Oh, the places we'll go: Rome
Traveling is, for obvious reasons, not really happening any time in the near future. So I've decided to venture back to a time where travel was indeed permitted and you could do such magical things like flying thousands of feet in the air, and end up in a completely different faraway land. I wrote this small piece for travel blog Voyage d'Etudes a few years back; a little feature about one of my absolute favorite cities in the world, Rome — a place of wonder, tangerine and fig trees, cold beer, olives, tiramisu and early morning runs along the Tiber river. I've been there several times with my family and we always go to my mom’s favorite place, Campo dei Fiori, the flower market. There’s a small bar there with old wooden chairs from a movie theatre or something. We've sat there many times when the market closes and watched the intricate logistics of the garbage men and their medieval looking broomstick. Very strange, but oddly rhythmical.
FROM VOYAGE D’ETUDES ABOUT ROME:
NAME: Thea Urdal
SPECIALISM: Design and journalism
LOCATION OF STUDY: Rome, Italy
PROJECT TITLE: Quest for the perfect detail (without bringing it home)
OVERVIEW: I am notoriously curious, continuosly searching for items that spark an interest or an idea. Then I take said item home with me. Nine times out of a ten this item will be a book or a magazine. Although I find random knick-knacks intriguing, I am mostly fascinated by the art of print and paper and have accumulated such a vast amount of publications and tomes over the years that my mom just shakes her head and mumbles “fire hazard” every time she’s at my apartment. I ignore her of course, but upon my arrival in Rome I wanted to see if there were more abstract details I could focus on in the Eternal City, than just physical objects. I am such an avid fan of tactility and touch, and I also love to eat, so I wanted to put my mind into the actual experience of being physically in a place, breathing in the smell of orange flowers, noticing structures, textures, colors, eating ripe figs and not just contemplating about which books to bring home (although I did bring a fair share home in the end, don’t worry).
1. Fried artichoke
I know people talk incessantly about small holes in the walls, and in fear of this sounding like something daft out of Eat Pray Love, we literally found a hole in the wall where I had one of the best food experiences of my life. Sora Margherita is a miniscule restaurant/social club in the old Jewish ghetto (the walls were littered with yellowing reviews) and we did like everyone else in the place (which seated about fifteen people) and ordered a wrinkly little thing that looked anything but appetizing, but it turned out to be delicious. Our biggest rookie mistake was obviously not eating the entire thing (why, I have no idea), because on our second visit we watched the man seated next to us gulp down the whole thing in two bites. There were only three menus in the place (obviously in Italian) that got passed around between guests.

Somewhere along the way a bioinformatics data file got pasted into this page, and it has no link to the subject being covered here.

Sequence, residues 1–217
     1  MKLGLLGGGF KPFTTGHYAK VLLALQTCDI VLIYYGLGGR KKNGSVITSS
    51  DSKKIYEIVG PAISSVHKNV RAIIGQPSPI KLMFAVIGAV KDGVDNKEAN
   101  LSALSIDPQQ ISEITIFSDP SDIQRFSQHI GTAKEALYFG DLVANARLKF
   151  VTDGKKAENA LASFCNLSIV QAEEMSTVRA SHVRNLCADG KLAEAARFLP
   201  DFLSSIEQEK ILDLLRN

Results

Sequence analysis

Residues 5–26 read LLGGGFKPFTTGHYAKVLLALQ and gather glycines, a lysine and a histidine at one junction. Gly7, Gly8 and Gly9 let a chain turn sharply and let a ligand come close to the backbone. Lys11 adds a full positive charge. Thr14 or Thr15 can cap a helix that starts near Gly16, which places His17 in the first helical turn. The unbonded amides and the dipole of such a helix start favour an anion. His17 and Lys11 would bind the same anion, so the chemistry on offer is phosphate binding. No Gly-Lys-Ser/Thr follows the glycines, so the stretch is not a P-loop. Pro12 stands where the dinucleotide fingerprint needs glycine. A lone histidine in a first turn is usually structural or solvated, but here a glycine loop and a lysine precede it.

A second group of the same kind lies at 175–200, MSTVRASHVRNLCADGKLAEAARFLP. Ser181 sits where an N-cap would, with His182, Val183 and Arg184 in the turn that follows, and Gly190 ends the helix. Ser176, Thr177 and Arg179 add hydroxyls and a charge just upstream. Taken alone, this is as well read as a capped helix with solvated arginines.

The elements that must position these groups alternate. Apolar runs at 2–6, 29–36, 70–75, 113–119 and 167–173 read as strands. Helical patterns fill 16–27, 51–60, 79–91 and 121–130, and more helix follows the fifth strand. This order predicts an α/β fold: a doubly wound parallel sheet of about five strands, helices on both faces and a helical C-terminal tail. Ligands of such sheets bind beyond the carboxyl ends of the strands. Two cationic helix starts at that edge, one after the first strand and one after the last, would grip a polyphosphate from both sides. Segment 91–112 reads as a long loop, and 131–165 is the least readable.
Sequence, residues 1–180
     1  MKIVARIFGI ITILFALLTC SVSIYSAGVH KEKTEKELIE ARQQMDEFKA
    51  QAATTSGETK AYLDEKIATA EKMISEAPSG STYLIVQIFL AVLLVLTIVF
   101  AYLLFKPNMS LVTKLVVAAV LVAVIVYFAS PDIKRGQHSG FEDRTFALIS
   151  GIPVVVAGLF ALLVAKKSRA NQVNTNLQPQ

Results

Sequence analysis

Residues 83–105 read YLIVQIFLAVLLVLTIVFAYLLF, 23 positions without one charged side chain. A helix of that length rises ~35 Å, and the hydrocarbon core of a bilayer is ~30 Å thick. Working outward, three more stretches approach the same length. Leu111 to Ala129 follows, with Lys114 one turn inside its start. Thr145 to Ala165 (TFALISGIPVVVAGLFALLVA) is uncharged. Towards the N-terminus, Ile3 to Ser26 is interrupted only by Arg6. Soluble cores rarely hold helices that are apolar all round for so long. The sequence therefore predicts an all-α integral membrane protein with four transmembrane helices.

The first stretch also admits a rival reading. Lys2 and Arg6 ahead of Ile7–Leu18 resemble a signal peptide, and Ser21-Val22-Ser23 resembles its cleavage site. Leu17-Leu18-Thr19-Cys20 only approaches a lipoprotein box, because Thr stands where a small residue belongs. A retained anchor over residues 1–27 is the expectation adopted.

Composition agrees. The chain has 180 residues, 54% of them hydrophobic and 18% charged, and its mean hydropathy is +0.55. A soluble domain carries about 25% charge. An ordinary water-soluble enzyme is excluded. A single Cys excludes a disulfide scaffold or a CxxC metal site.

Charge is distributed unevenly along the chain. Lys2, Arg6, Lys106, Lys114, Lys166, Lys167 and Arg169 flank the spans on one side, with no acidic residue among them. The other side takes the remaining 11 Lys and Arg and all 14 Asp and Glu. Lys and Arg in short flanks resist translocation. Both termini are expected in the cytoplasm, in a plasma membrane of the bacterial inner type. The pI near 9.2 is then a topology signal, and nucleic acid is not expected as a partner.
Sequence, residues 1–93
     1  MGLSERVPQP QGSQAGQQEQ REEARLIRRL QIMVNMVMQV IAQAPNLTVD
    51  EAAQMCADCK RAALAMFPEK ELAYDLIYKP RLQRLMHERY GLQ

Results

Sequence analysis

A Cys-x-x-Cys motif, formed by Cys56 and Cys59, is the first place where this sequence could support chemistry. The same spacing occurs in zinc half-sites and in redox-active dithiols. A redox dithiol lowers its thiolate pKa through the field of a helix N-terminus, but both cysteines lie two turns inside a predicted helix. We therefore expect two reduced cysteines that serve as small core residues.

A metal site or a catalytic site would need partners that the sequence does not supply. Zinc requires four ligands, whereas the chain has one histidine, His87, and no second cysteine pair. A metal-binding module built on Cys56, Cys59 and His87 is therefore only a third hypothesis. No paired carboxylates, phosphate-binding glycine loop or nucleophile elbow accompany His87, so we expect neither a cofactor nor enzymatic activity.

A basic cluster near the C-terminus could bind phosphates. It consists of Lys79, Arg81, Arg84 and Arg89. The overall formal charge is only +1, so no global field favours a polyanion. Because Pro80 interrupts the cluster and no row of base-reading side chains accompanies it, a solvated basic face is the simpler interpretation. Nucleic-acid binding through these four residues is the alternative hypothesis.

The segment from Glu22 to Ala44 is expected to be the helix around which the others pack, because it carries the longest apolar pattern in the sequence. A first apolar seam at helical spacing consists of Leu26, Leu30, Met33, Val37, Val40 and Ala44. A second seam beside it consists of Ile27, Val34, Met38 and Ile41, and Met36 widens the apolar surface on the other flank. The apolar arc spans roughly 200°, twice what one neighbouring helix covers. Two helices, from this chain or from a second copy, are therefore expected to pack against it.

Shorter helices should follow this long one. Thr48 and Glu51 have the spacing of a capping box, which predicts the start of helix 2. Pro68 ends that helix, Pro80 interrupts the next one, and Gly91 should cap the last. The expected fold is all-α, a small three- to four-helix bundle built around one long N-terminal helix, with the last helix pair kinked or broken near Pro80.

2. The color yellow
After a few days on holiday I slowly realized that the color yellow is not just the color of succulent golden pasta vongole or the small citrus fruits that hang in low-branched trees, it’s literally a color that appears so frequent in Rome that it became the pure essence of Italy for me. Ochre, saffron, apricot and spotted vanilla, it was all a blur of sunshine.
The 2000-year-old original marble floor at the Pantheon completely stunned me. The dome of the Pantheon is still the largest dome construction in the world and has a hole in the middle, so water pours in during heavy rainshowers. How this floor is still intact and so geometrically astounding baffles me. Other amazing marble gems were found literally at every street corner, in every small hidden church, but the floor at Saint Peter’s Basilica was of course beautiful, although I found Pantheon ten times more riveting (not too fond of hordes of tourists).
4. Small gems in the Vatican
I’ve been strangely fascinated by the Vatican for years, and although the Sistine Chapel was astounding, I realized that it was the small weird things - like stacked grey chairs at Saint Peter’s Square, a small painted window shelf at the Vatican museum or the Vatican post office trailer (where I disappointingly enough didn’t get any nice stamps on my card) – that I preferred over ancient reliefs.
Guiseppe, the antiquarian at Il Museo del Louvre showed me the meaning of patience when I spent hours rummaging around his beautiful (and dusty) archives. I was strict with myself and in the end ended up with only three magazines, a Japanese/French exhibition folder and a small book in Italian, that I probably will never learn how to read, but the cover made me swoon. At a small market close to the Fontana di Trevi I finally found some old letters from the Vatican, complete with watermarks, stamps and graphics. So beautiful.
CONCLUSION: Rome smells the best of all cities I’ve been to and I have definitely discovered the subtle beauty that lie in things less tangible. Will venture back very soon, for the artichokes alone.